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Chapter 2

EARTHQUAKES

WHEN THE EARTH SHOOK: More than 13,000 people were killed, at least 15 lakh injured, 3.4 lakh buildings damaged, and about 7.8 lakh houses destroyed in the Gujarat earthquake of 26th January 2001. Many bridges and roads were damaged. This earthquake, with its epicentre at Bhuj occurred along a fault in the east-west direction. The stress that caused this earthquake was due to the Indian plate pushing northward into the Eurasian plate.

Ahmedabad 26th January 2001 Improperly built high-rise buildings crumbled and cracked

An earthquake in simple terms is a sudden trembling or shaking movement of the earths surface, called the crust. Most earthquakes are minor tremors. Larger earthquakes usually begin with slight tremors but rapidly take the form of one or more violent shocks, and end in vibrations of gradually diminishing force called aftershocks. The subterranean point of origin of an earthquake is called its focus; the point on the surface directly above the focus is the epicenter. The magnitude and intensity of an earthquake is determined by the use of scales, such as the Richter scale and the Modified Mercalli scale.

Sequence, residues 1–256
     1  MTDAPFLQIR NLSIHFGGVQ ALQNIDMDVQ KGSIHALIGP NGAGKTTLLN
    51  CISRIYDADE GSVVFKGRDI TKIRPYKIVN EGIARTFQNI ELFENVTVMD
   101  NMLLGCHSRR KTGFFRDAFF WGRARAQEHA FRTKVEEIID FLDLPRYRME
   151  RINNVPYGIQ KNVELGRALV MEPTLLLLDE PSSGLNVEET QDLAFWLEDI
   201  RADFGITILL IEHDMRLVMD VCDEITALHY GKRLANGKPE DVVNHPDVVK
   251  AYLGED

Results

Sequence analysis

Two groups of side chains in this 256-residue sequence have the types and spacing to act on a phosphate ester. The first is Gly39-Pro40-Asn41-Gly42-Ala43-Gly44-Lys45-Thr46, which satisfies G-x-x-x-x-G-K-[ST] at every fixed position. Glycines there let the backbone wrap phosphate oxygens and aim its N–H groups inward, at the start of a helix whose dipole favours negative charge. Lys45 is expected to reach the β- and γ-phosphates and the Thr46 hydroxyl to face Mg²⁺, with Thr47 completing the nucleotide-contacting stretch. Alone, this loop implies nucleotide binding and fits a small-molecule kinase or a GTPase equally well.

Important Terms: 1. 2. 3. 4. 5. 6. Crust: Tremor: the solid surface of the earth shaking of the ground the place on the surface of the earth directly above the hypocentre

Epicentre:

Richter scale: a scale which classifies the magnitude (force) of an earthquake Modified Mercalli scale: a scale which classifies the intensity (effects) of an earthquake Hypocentre: the place deep in the earths crust where an earthquake starts

Why do earthquakes happen?